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Climate-friendly regeneration of Achtercairn site in Gairloch in Wester Ross wins Best Regeneration Project – Rural & Suburban at the Inside Housing Development Awards in London


By Ian Duncan

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A climate-friendly Wester Ross regeneration scheme has won a top award.

The project at the Achtercairn site in Gairloch, in the north west Highlands, has scooped the Best Regeneration Project – Rural & Suburban at the Inside Housing Development Awards (IHDA) in London.

The awards celebrate the very best residential developments across the UK, and recognise innovation in striving for more sustainable and net zero solutions.

It was led by the needs of the community and undertaken by the Communities Housing Trust (CHT) – it was completed in 2020 during lockdown and includes a mix of affordable housing, new shops and commercial space, and the GALE Centre which is Scotland’s first public building to be awarded Passivhaus status.

The development is an example of a climate-friendly ‘20-Minute Neighbourhood’, where key services and amenities are a 20-minute walk, cycle or drive from home.

It also supports the local circular economy and wider area, while reducing the need to travel.

The regeneration project has given the village a bustling new centre, while addressing some of the inequalities faced by rural communities, such as access to affordable housing, education opportunities, and shops and services.

Ronnie MacRae, the CHT's chief executive, said: “It’s great to be recognised for this community-led development, showing a 20-Minute Neighbourhood in practice, particularly during the week of COP26.

"The development has provided a new village centre with a low-energy Passivhaus as the focal point, as well as housing local families and keyworkers in energy-efficient homes built with sustainable materials. It’s reducing rural inequalities and the need to travel, and is supporting and promoting the local circular economy.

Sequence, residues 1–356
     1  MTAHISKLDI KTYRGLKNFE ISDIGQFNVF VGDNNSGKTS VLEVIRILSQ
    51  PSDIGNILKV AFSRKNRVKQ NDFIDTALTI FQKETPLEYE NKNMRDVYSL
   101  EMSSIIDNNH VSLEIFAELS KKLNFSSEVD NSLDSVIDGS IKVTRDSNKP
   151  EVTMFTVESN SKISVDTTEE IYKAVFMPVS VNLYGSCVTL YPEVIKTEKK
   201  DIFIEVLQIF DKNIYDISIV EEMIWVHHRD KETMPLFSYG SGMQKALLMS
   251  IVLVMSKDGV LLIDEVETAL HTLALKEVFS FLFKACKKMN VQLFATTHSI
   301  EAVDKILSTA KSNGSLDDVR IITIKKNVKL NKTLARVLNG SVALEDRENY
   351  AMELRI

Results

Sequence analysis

“All of these factors work towards addressing the climate crisis, and we’re glad to be able to show what’s possible for other rural communities in Scotland, as well as elsewhere in the UK.

"We’d like to congratulate all other finalists in the category, and thank IHDA for the award. Finally, a thank you to our funder the Nationwide Foundation for enabling us to spread this work nationally, and to all our partners in Gairloch who worked tirelessly to make this a reality, for the future of their village.”

Janet Miles, the managing director of Gairloch and Loch Ewe Action Forum (GALE), said: “Everyone at GALE is delighted that Gairloch has received this award and been recognised for its achievements in regeneration.

"We're very proud of the part GALE has played in this, having been driving community-led regeneration in the area for over 20 years now. Our vision was to create a community-owned, social and economic hub in the derelict centre of the village – a physical heart to the community. The development has enabled us to turn this vision into a reality.”

Wendy Watson, the owner of Gairloch Farm Shop, said: “The school roll is now a bit higher, we have more people in our local school. The numbers were declining.

“Having this little area that’s now been developed, it stops people going straight out the village. Ultimately the housing and everything else that’s here, I would say the difference is phenomenal to our village.”

The project was made possible with support from the Scottish Government through funding and flexible policies that are empowering many more communities to follow Gairloch’s example.

Highland Council’s support for a wide range of affordable housing tenures that provide choice to communities and those in housing need was also crucial.

Other key partners include: Albyn Housing Society, Highlands & Islands Enterprise, Gairloch Estate, the Ministry Of Defence, GALE and many others within the community.

It was a former brownfield site in the centre of Gairloch, with a derelict hotel, and was an eyesore for the village which is on the North Coast 500 route which is popular with tourists. In addition, the number of pupils in the primary school was dropping as families struggled to find suitable accommodation locally.

Working closely with the Gairloch community, CHT acquired several pieces of land and brought together many partners to provide 25 affordable homes of five different tenures with three housing providers; the GALE Centre with offices, Tourist Information Hub, community shop and café, and classroom for learning of all ages.

The GALE Centre receives more than 40,000 visitors per year and supports 100 people locally by selling their crafts and produce. Also on site is the Gairloch Farm Shop, vet clinic, and a new Air Training Corps facility providing skills and education opportunities.


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